I think it all comes down to how conscientious someone is when doing the oil change. I'm pretty fussy, and pour in an additional 1/2 quart or more of fresh oil in and suck that out too, making sure I get all the old oil out. I feel confident I'm doing a good job getting rid of the old oil. However, if you aren't fussy, I could see some gunk being caught in a corner, but that can also happen at a shop when the guy pulls the plug and then slams it back in without waiting for the drips to slow down. A shop isn't going to take the same care an enthusiast owner normally does.

    The cars I've pulled plugs on after I've sucked the oil out, I get pretty much NO drips of residual oil. I do spend a lot of time sucking the oil out though.

    That also goes with prefilling an oil filter. I'm meticulous and am careful not to get anything dropping into the oil filter housing. My funnels are brake cleaned and wiped with a white, lint free paper towel. If someone isn't careful or is rushing at a shop I can see the point about not filling an oil filter.

    I think if you are careful, you can get a good change sucking it out. If you are not as methodical, maybe dropping it would be better, as long as all the steps are taken and time is given to let the oil drain all out.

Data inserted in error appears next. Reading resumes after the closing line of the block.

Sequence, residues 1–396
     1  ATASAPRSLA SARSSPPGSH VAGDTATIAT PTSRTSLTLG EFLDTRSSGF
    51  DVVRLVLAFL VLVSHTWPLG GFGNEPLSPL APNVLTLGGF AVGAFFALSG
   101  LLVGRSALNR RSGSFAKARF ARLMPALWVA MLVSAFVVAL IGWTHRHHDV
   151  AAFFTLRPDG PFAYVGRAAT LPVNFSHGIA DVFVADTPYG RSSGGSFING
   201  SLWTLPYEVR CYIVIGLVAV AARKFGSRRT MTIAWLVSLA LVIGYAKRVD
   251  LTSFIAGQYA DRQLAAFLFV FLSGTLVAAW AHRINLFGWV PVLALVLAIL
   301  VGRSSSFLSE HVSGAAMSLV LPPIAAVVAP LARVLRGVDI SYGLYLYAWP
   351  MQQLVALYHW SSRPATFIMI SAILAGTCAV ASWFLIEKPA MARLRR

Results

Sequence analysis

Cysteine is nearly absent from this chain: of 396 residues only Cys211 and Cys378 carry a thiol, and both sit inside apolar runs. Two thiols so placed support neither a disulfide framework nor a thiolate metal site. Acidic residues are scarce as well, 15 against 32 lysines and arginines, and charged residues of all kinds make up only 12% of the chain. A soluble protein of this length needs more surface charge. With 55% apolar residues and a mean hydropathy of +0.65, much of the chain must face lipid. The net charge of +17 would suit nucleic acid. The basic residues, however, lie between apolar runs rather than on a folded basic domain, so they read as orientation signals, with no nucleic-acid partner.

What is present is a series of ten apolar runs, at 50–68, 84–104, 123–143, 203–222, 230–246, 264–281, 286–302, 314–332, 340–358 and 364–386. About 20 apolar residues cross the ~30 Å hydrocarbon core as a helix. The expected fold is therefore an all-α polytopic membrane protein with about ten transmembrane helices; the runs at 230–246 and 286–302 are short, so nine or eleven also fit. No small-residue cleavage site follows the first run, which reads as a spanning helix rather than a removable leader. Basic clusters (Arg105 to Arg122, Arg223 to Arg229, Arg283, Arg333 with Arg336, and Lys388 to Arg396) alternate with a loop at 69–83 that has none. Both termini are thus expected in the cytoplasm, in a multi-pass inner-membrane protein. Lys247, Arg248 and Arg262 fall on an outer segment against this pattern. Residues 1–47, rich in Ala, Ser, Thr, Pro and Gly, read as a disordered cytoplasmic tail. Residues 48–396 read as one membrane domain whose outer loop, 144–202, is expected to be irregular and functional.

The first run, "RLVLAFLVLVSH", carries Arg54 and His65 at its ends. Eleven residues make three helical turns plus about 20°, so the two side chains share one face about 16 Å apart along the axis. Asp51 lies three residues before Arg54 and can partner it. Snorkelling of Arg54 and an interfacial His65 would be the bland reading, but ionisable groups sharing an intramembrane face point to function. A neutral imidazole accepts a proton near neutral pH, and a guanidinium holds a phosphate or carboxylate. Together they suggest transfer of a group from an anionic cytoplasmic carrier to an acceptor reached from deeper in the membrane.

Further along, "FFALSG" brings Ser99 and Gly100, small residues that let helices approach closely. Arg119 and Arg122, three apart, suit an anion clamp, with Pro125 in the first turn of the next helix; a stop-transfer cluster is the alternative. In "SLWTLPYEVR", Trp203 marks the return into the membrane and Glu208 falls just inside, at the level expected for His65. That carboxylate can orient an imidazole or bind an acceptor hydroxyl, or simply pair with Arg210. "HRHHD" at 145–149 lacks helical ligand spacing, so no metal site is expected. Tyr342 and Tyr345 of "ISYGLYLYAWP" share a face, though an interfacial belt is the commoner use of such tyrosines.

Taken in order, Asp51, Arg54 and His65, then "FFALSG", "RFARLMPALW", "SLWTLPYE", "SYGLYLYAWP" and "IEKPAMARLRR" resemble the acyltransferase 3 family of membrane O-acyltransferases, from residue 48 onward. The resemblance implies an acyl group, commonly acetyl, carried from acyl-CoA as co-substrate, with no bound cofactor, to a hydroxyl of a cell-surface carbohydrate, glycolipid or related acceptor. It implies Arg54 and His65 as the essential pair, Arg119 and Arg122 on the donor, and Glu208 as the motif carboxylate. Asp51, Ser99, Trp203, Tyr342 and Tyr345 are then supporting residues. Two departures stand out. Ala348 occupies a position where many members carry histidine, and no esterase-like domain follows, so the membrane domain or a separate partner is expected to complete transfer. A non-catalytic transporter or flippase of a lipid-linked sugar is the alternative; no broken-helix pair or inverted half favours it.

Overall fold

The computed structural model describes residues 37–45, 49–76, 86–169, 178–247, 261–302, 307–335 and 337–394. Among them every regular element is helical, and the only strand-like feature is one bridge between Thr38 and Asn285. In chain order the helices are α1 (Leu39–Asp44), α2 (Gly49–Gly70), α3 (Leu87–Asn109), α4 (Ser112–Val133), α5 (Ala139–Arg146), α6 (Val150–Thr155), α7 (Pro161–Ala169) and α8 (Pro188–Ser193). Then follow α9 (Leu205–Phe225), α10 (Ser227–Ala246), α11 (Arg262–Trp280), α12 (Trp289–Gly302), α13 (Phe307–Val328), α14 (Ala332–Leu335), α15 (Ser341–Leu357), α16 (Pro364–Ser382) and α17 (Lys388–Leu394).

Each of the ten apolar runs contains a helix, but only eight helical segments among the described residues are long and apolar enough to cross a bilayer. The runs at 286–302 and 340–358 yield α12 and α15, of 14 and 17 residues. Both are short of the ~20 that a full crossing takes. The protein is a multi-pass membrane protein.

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    Senior Member aelfwyne's Avatar
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    If you're worried about leaving sludge behind on a vacuum oil change here's two tidbits for you:

    1: Have the oil quite warm when doing the change so it's mixed and not settled out.

    2: If you're having levels of sludge on the bottom of the pan that don't mix when your oil is warm, then you got more serious issues bro and should be changing your oil much more frequently than you have. Sludge buildup shouldn't be a thing if you're changing your oil regularly with the correct oil.

    3: If you ARE having sludge buildup, then sludge collecting in things like oil passages, valvetrain, etc, is much more worrying than the non-moving area around your oil drain plug.
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    smark's Avatar
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    That oil extractor is a $600 item.